If it looks like a piece of the moon and behaves that way, then the asteroid Kamo’oalewa must be a piece of the moon as well. to be, make astronomers.
In 2016, astronomers discovered Kamo’oalewa; Asteroid the size of a Ferris wheel at the fairgrounds. The rock, like the Earth, revolves around the Sun, but remains somewhat close to our planet. The unusual orbit and apparent mass configuration have led astronomers to suggest that Kamo’oalewa may have been part of our moon.
Kamo’oalewa is a so-called quasi-satellite: during its orbit around the Sun, this near-Earth body stays very close to us. Sometimes Kamo’oalewa is right in front of us on that lap, and sometimes the space rock is a little behind. The asteroid is between 45 and 60 meters in diameter, about the size of a Ferris wheel at the fairgrounds.
Because of the unusual orbit of space rocks, we can only see Kamo’oalewa for a few weeks in April each year. Because the asteroid is not that big and not that bright, and at least 14.4 million kilometers from Earth, only large telescopes can detect it. One such example is the PanSTARRS telescope in Hawaii, which discovered the asteroid in April 2016.
also with big binocular telescope (LBT) On Mount Graham in Arizona, astronomers can see even closer. The researchers behind the new study they recently published in the scientific journal Nature Communications Earth and Environment From their last appearance in April 2021, it was stated that Kamo’oalewa was most likely part of our moon.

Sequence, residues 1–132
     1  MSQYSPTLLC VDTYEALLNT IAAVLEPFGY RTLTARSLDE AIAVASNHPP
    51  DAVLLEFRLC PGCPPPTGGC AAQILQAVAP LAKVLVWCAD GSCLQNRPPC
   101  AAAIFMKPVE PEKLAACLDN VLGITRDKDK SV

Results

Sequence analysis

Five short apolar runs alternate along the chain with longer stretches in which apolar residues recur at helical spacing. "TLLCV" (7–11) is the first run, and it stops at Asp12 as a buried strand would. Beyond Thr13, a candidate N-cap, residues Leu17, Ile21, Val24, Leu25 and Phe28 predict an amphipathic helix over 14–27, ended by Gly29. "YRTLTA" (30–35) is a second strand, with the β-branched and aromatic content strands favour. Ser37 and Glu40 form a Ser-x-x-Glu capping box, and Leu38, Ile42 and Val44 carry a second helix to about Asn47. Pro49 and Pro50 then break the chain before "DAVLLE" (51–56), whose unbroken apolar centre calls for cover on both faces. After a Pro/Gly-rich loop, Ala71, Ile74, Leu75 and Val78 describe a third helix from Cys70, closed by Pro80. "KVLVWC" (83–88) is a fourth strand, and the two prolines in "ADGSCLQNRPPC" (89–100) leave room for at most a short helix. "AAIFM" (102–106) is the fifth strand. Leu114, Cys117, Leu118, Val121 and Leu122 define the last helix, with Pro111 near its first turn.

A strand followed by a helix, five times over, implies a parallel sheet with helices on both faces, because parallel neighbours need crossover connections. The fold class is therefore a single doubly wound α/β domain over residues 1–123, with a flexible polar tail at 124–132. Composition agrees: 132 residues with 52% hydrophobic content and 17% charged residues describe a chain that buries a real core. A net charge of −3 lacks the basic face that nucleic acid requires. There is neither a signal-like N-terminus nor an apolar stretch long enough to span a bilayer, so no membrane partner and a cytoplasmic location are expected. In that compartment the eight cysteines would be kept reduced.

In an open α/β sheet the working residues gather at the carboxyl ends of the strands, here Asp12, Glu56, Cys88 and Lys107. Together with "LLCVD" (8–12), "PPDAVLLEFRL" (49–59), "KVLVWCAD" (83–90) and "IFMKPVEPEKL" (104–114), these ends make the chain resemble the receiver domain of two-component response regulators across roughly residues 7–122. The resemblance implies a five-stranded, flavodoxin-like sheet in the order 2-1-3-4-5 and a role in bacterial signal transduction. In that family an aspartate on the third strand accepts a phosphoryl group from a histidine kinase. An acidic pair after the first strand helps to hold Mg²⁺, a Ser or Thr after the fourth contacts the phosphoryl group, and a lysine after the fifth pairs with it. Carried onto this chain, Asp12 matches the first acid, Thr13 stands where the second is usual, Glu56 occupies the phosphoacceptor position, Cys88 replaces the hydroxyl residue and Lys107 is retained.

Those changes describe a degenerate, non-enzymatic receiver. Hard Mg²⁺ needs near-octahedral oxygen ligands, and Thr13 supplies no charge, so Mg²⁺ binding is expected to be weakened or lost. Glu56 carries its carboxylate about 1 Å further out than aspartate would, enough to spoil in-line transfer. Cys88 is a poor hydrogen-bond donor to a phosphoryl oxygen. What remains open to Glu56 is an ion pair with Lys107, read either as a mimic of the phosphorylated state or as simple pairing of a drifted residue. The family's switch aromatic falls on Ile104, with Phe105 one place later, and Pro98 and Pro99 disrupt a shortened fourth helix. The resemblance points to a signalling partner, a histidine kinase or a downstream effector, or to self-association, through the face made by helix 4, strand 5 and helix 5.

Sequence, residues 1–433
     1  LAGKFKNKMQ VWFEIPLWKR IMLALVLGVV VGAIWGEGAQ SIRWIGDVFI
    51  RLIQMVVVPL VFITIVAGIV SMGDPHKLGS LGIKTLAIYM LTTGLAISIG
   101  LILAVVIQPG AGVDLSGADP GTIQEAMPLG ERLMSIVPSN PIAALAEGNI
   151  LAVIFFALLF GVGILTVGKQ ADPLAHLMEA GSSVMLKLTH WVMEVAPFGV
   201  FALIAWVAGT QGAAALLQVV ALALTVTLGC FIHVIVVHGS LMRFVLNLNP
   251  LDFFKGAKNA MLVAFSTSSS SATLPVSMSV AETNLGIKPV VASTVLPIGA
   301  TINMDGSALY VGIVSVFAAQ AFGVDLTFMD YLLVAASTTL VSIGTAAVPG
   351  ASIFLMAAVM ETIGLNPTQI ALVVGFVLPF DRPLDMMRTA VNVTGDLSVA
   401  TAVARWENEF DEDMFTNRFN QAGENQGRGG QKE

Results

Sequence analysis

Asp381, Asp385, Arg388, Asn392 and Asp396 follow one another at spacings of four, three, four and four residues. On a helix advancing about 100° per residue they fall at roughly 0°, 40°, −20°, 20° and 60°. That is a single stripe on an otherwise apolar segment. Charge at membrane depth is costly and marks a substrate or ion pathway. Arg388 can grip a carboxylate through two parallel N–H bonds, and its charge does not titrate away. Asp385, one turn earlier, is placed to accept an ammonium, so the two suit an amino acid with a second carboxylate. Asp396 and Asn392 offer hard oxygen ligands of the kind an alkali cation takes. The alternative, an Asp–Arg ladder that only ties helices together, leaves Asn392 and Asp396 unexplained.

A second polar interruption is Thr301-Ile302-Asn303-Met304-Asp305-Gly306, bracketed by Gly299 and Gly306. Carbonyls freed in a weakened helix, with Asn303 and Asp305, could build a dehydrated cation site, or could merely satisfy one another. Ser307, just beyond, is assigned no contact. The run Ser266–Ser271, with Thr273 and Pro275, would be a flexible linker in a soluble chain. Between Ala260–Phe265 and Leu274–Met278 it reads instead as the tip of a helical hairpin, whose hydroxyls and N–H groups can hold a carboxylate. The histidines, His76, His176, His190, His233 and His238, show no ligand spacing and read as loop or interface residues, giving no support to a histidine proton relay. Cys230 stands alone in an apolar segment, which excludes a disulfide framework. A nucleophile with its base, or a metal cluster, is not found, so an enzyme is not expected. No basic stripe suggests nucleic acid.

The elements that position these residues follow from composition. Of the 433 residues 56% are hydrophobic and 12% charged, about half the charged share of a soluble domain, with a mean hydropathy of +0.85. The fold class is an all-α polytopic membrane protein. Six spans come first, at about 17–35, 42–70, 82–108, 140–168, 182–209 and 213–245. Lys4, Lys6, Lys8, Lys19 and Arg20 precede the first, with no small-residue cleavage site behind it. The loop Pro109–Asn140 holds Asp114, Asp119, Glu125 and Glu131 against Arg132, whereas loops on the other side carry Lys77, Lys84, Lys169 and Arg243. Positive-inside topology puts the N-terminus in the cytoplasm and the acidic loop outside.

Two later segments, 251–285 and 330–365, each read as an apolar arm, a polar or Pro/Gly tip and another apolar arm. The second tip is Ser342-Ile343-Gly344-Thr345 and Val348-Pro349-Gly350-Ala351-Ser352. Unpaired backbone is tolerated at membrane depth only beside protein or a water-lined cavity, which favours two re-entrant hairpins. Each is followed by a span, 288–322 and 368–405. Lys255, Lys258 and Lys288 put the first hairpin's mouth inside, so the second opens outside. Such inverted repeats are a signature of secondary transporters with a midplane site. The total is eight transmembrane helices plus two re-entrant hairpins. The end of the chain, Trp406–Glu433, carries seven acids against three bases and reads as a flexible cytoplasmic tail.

According to the researchers, the specific light spectrum that the nearby Earth reflects when it catches sunlight corresponds to that of the moon. or more specifically; With the light spectrum of pieces of moon rock collected during NASA’s Apollo lunar missions. According to astronomers, Kamo’oalewa’s light spectrum returns completely Not All other asteroid fragments they examined matched.
So it seems that Kamo’oalewa reflects light in the same way as the moon. According to the researchers, this means that the Earth near Earth may also consist of the same group of “space grains and stardust”. Whether this is indeed the case remains to be seen in further research. Once we get confirmation, the next question is, of course, how did Kamo’oalewa separate from the moon?
BILD: Addie Graham/University of Arizona